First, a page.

With Memorial Day in the rearview mirror, we’re officially into the sweltering days of summer in the Keys. The season will see residents and visitors alike flock to public boat ramps for their chance to beat the heat – with plenty of new captains still learning the ins and outs of their vessels. The National Marine Manufacturers’ Association announced that new boat sales reached a 13-year high in 2020 and remained elevated in 2021, with sales through March 2021 up 30% compared to the 2020 average.
Keys boat ramps have taken center stage during several government meetings, and I’m sure most reading this article have seen at least one – OK, maybe 100 – angry social media rants about conduct at popular launch sites. The concern is justified; a visit to Marathon’s Quay boat ramp on a Saturday typically finds a line of trailers backed all the way out to U.S. 1, and R.I.P. to the brave souls who try to launch during the hellscape of mini-season.
When captains fail to follow the unwritten – yet somehow ironclad – laws of boat ramp conduct, the problem becomes 10 times worse. In the spirit of heading off summer boat ramp shouting matches, I’m glad to offer what I’ve learned in the 17 years since my parents made the mistake of kick-starting my nautical obsessions with my first rowboat.
Let me be clear: I’m no boating saint. I’m a proud member of the unspeakable heathens of the boating community: jet skiers. And though the group rightfully earns its reputation in many cases, there are plenty of riders who know, and follow, rules of common courtesy.
How did I learn those rules? Well, my copy of “The Complete Idiot’s Guide to Boating and Sailing” is the most worn, dog-eared volume sitting on my shelf, and has been for years. The Qualified Captain’s Instagram account (@thequalifiedcaptain) is a fantastic collection of videos that vividly illustrate the consequences of captains’ poor choices. And my learning was *greatly* accelerated when my own breaches of ramp etiquette were met with an impressive tapestry of obscenities from fellow boaters.
But to save the rest of you from that lovely experience, just read the few paragraphs here. Maybe it’ll help.
It’s better with a friend.
Sure, every captain wants to be the master of both boat and towing vehicle, but so many boat ramp problems can be alleviated with a boat and car driver working together. Call that buddy of yours who likes to remind everyone that “having a friend with a boat is better than having a boat” and tell him it’s time to learn and pull his weight. While one drives the car, the other can quickly back the boat off the trailer, and when it’s time to head home, one of the two can keep the waiting boat out of the way while the other handles the line of trailers at the ramp. Which leads me to…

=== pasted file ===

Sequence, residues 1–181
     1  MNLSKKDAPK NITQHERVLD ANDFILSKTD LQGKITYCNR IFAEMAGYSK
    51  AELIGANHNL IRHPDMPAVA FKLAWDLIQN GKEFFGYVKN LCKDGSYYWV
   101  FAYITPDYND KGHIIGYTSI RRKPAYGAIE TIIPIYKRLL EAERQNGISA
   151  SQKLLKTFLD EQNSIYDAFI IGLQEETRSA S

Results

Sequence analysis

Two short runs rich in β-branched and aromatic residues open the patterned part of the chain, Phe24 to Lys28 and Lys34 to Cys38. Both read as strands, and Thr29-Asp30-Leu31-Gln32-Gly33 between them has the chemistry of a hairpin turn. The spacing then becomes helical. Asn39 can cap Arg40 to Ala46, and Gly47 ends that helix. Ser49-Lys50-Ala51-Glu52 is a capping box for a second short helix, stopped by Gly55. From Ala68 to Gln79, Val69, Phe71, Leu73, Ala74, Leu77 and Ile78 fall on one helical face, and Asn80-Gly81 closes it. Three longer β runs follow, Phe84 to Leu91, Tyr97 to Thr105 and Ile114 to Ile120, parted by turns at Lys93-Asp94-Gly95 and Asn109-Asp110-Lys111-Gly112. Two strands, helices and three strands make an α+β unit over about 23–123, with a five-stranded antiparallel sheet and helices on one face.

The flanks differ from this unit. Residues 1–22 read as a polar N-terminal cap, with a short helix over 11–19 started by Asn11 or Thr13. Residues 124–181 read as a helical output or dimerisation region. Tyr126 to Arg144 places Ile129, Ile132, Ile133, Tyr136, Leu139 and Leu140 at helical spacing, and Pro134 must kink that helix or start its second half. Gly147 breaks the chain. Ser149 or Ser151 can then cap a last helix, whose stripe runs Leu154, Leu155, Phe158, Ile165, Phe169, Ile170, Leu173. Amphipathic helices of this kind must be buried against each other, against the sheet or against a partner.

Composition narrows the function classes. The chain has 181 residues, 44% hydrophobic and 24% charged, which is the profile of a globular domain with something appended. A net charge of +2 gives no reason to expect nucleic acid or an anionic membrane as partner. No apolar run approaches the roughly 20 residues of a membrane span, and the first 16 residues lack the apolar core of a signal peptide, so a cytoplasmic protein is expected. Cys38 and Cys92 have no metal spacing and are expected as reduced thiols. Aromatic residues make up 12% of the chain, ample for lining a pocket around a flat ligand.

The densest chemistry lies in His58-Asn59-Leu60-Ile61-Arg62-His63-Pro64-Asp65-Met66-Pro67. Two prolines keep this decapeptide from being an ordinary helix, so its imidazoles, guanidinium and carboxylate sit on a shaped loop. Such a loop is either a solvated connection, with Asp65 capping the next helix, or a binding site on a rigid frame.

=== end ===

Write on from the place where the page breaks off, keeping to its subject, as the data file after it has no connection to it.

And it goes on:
Taking your turn: it’s about cars, not boats.
The order of launching and retrieving vessels at a boat ramp is determined by the line of cars on land, NOT the order in which boats arrived at the ramp. A boat sitting near the ramp without a trailer prepared to haul it away is nothing more than a giant roadblock. Keep well away from the ramp and the attached courtesy dock until it is your turn to actively launch or retrieve your boat. If you’re retrieving your boat alone, make sure that once you tie your boat to the dock, you can quickly and efficiently get to your car and get it down the ramp.
Launch prep: if it’s your turn, you’re too late.
Most days on the boat require a good bit of gear to enjoy properly. A cooler full of cold ones, tackle boxes, floats, you name it. However, the time to “load up” is NOT when your boat is halfway down the ramp and nearly touching the water. Once you pull into the parking lot of the ramp, take some time to pull to the side, put all necessary gear in the boat, prep any dock lines you might need, and release those pesky transom straps. Make sure your boat’s key is inserted, the batteries are on, and the boat responds if you tap the starter briefly. Then, and only then, may you enter the sacred line of cars that will lead you to your day on the water.
Don’t be a boat blocker.
On the most chaotic days at the ramp, it can be nearly impossible to tell who’s arriving, who’s leaving, who’s ready to go, and who’s still working. Regardless of your situation, realize that if you’re not actively launching or retrieving, it’s your obligation to stay WELL out of the way. If you pull out of a ramp, hang a quick turn, and plug the exit for everyone else while you prepare your entire boat for the trip back to the house, you’re doing it wrong. Pull up a little more, off to the side, or find a nearby parking lot to finish your preparations, and realize that everyone else needs just as much space as you did to launch and retrieve.
Help others. You were once a newbie too.
If you claim that you came out of the womb knowing how to back a trailer, I’m going to call you a liar. If you claim you’ve never made a mistake or broken the unwritten rules, knowingly or unknowingly, while launching your boat … well, same thing. Boat ramps are a better place to be with a bit of understanding and a willingness to help your fellow boaters, and the best captains I know are the ones who admit their mistakes, learn from them, and always keep an open ear when seasoned skippers have a word of advice to share.